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Examining the Power of a Cyber Attack

Tuesday, January 18, 2011 | 1:15 AM Leave a comment Go to comments

“Very few single cyber-related events have the capacity to cause a global shock,” according to a recent report released Friday by the Organization for Economic Co-operation and Development (OECD).

The report, “Reducing Systemic Cybersecurity Risk” (pdf), published by professors Peter Sommer of the London School of Economics and Ian Brown of Oxford University, examines the various aspects of a cyber attack and the impacts attacks have on different variables.

According to the report, the researchers say an all-out cyberwar is “unlikely” to ever occur, based on the fact that it would require only cyberweaponary to be used in carrying out the conflict.

And while they don’t doubt the imminent use of cyberwar tactics, the researchers added, “In nearly all future wars as well as the skirmishes that precede them, policymakers must expect the use of cyberweaponry as a disrupter or force multiplier, deployed in conjunction with more conventional kinetic weaponry.”

Calling for more coordination between government and the private sector, the report goes on to note that such partnerships are crucial in protecting national critical infrastructure from future cyber threats and attacks.

Regarding public-private collaboration, the researchers also assert that “effective privacy safeguards and civil society involvement will be required to ensure public trust in these arrangements.”

Meanwhile, it seems implementing effective privacy safeguards was at the top of the to-do list for developers of the vicious computer worm Stuxnet that targeted Iran’s nuclear program back in June.

According to a report from Reuters, the International Atomic Energy Agency, a UN watchdog organization, announced yesterday that it has obtained “only limited knowledge” of Stuxnet following reports that the worm attacked the Iranian system.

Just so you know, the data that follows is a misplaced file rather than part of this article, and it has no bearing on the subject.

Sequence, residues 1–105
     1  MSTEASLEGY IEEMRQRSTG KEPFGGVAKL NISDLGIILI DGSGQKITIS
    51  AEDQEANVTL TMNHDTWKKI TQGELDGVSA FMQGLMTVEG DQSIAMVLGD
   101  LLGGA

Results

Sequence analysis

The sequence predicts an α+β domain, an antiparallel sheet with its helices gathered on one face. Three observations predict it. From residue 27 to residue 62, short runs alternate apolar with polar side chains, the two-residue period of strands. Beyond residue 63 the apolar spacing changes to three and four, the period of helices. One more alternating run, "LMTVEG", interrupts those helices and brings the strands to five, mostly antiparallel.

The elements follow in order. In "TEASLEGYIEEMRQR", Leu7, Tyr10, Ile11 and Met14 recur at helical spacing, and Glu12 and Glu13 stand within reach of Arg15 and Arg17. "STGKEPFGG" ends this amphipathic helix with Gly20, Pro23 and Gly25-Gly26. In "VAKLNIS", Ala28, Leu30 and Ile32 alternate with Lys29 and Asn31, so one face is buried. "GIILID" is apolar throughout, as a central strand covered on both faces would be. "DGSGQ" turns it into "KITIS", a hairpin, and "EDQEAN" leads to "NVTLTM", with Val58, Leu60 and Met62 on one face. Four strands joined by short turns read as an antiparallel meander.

Nonetheless, other organizations are stretching outside factual knowledge and into the realm of Stuxnet speculation.

According to the New York Times, some are accusing the US and Israel as the prime suspects behind the malicious worm, with particular focus on Iran’s nuclear program, which would soon be capable of producing enriched uranium and, thus, nuclear weapons.

Noting that researchers at the Idaho National Laboratory, a lab run by the US Department of Energy, may have provided Israel with information on vulnerabilities in Iran’s Natanz enrichment plant network, the Times published a lengthy feature over the weekend, delving further into the topic of Stuxnet’s attribution.

According to the report, the Dimona complex, an Israeli mock-up of Iran’s nuclear plant, was capable of testing the Stuxnet worm and assessing the damage and delay it could create for Iran’s nuclear program.

“Though American and Israeli officials refuse to talk publicly about what goes on at Dimona, the operations there, as well as related efforts in the United States, are among the newest and strongest clues suggesting that the virus was designed as an American-Israeli project to sabotage the Iranian program,” the Times reported.

And thus it seems we are only at the beginning of examining the power of a cyber attack…

Additional cybersecurity news headlines follow:

Report: Cybersecurity Treaty Might Not Be Achievable (National Journal)

OCED Report: Cyber Warfare Risks Overblown (InformationWeek)

DHS Invests $16M In Cybersecurity Testbed (InformationWeek)

NSA app to help recruit cyber experts (Federal News Radio)

Congress requests information concerning clandestine cyber activities (The State Column)

Naval Academy puts cyber in new curriculum (Federal News Radio)

Decoy networks, separation tactics part of AT&T security chief’s infrastructure protection plans (NetworkWorld)

Expert warns of new data security risks (Computing)

Computer crimes can affect your bottom line (Dallas Business Journal)

Never-Ending Pursuit of Global Cybersecurity Cooperation (GovInfoSecurity)

Muscling in on the Internet (The Daily Caller)

11 Ways to Combat Botnets, the Invisible Threat (eSecurity Planet)

Facebook Wants to Issue Your Internet Driver’s License (NetworkWorld)

Call of Duty cyber attack arrest boy bailed again (BBC)


Mullen: Cyber attack potential impact ‘substantial’ (CNN)

Private sector initiative, not global treaty, is the best cybersecurity strategy (InfoSecurity)

Cyberwar hype is obscuring real security threats (The Register)

CEO of Eurasia Group discusses the geopolitics of cybersecurity (Foreign Policy)


Two Koreas in cyber proxy war (Wall Street Journal)

British electrical grid is wide open to hackers (TechEye)

Iran’s Paramilitary Militia Is Recruiting Hackers (Forbes)

Gates Cites ‘Disconnects,’ But Says China’s Leaders Do Control Military (Voice of America)

UK and Australia to discuss cybersecurity (ZDNet)


BAE buys Irish financial cybersecurity group (AFP)

Israeli cybersecurity firm Covertix gets $1 million in venture capital funding (InfoSecurity)

CSC wins $30 million cybersecurity award (Washington Business Journal)

  1. Sunday, November 27, 2011 | 9:55 AM at 9:55 AM


    Great post! I love this info. How can I get more information?


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